Figure 6: Equity issuance in 2019 from Enverus Capitalize report.
The newest form of alt lending we think might get some traction are asset-backed securities (ABS). By securitizing an asset, it opens it up to more investors looking for yield from a financial product that has an investment grade. Asset-backed securities also differ from other financial products as they are a financial product backed by a hard asset, such as royalty streams.
The benefit of an ABS is that risk is lowered as you pool together various streams of revenue that otherwise could not be sold on their own, for instance, hundreds of small royalty payments. The problem that will always exist for oil & gas is determining the value of the assets we own. Real estate is more straightforward, payments stay the same and delinquency rates are low for certain tranches while the underlying asset appreciates in value. Oil & gas assets decline over time unless new drilling takes place, but at the end of the day almost all assets go to zero.
Raisa was able to securitize non-op interests across 700 wells, which reduces risk of non-payment. It is much harder to show up at a well site and take ownership of your percent, however, than foreclose on a property. The ABS sold by Raisa has been compared to aircraft and railway issuances except, that those industries yield closer to 4.5% compared to Raisa’s ABS, which is 6% or more—meaning buyers are still unsure of the underlying risk of oil & gas assets.
There have been questions on how PE will exit their investments if the market is not willing to accept the multiples they request. One thought was that larger funds could create a separate debt fund to pay out investors. The problem is that this saddles PE-backed operators with a debt-loaded asset that reduces their ability to scale and grow. Many of these companies can get ratings on their debt, but it is still close to or at junk status. The ABS provides another avenue that would be open to additional investors on the street.
For mineral companies, both public and private, this might be one of the better routes to take if public investors won’t allow for additional debt or equity issuances. Since Raisa is the first one to complete one of these security issuances, it will be interesting to see if additional requests are made. If there is one thing the street likes, it’s new forms of investments to sell.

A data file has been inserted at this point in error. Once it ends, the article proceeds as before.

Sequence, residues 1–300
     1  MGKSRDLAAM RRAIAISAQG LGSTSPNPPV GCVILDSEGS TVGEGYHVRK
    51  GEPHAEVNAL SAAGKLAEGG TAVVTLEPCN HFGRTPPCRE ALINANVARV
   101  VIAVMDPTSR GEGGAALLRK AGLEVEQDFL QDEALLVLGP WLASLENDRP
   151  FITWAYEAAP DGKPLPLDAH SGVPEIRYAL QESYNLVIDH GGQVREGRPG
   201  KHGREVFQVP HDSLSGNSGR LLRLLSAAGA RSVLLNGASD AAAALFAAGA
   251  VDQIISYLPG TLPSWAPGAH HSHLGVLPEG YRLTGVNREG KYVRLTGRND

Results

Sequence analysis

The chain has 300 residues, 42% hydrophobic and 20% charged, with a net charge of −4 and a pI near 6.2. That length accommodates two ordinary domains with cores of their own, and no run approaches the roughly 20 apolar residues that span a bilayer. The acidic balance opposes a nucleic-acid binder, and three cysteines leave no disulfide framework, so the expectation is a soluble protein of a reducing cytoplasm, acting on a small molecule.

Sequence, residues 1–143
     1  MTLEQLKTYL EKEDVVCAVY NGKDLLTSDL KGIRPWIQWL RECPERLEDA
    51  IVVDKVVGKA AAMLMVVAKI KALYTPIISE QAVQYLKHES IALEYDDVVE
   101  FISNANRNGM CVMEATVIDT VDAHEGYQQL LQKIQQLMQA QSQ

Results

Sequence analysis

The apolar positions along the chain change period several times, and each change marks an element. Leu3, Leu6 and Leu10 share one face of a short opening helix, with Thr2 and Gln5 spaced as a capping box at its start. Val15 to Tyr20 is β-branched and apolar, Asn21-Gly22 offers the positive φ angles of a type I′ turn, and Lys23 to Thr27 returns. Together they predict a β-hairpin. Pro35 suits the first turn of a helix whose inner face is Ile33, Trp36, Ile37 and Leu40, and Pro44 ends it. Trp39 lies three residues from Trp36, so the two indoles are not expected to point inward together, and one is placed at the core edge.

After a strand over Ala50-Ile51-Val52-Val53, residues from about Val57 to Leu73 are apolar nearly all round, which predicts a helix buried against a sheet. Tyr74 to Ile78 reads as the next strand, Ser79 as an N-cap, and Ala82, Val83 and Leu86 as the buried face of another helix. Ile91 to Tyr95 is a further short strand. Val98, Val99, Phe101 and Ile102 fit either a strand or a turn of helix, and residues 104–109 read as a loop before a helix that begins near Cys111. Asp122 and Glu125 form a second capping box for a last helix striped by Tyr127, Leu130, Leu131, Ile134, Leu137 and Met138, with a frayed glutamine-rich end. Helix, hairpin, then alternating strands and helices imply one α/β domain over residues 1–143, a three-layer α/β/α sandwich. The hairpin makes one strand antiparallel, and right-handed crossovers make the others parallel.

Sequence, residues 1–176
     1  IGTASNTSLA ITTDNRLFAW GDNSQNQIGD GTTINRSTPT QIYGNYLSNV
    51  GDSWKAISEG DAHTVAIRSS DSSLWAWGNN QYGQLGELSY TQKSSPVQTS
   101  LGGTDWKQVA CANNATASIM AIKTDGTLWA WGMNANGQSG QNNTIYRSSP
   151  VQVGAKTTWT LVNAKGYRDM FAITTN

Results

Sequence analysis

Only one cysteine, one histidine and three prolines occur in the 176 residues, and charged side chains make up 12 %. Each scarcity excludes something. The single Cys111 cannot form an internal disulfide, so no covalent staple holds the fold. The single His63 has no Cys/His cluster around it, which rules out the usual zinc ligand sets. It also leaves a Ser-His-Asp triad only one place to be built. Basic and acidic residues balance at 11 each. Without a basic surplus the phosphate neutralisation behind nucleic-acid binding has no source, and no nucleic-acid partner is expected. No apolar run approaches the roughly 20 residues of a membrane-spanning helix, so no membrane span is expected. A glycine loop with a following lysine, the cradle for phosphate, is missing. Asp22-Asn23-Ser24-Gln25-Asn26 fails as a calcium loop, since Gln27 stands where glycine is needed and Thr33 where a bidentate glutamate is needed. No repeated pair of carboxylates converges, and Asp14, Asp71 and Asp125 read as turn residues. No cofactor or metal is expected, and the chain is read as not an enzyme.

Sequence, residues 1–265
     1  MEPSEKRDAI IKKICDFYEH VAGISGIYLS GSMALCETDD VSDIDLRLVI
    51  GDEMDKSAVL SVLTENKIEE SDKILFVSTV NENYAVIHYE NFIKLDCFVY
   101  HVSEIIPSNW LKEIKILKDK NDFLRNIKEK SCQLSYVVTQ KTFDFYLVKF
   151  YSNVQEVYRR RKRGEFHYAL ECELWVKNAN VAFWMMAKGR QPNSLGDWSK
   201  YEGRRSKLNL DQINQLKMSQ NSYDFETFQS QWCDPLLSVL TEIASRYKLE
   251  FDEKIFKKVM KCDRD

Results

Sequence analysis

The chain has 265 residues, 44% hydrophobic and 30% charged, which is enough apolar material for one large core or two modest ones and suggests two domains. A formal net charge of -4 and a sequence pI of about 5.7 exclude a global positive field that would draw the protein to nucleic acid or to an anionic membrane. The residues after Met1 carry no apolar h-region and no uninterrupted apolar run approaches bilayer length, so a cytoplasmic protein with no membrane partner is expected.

Will we see insurance products pop up if ABSs take off? Will there be other products similar to credit-default-swaps, as we see in the mortgage industry? Reinsurance? If (and it’s a big if) this takes off it will raise the question of to what limit will be placed on derivate products that are created, and that could create a house of cards.
With politics starting to heat up for primaries as we head into the end of year, fracking has taken a front seat in a bad way. Every Democratic front-runner has stated a ban or limitation to fracking in the U.S.
While few believe they could pass a total ban on fracking, it is not out of this world to think they could put a short-term ban or moratorium on fracking within federal acreage. This would create a perfect storm for some basins that are comprised mostly of federal acreage such as the Powder River and parts of New Mexico.
Over the years, the industry has seen short-term federal bans for lizards and birds that have lasted months to years and have added thousands of costs per well. A new ban could be hidden as another review of policy if opposition seems high.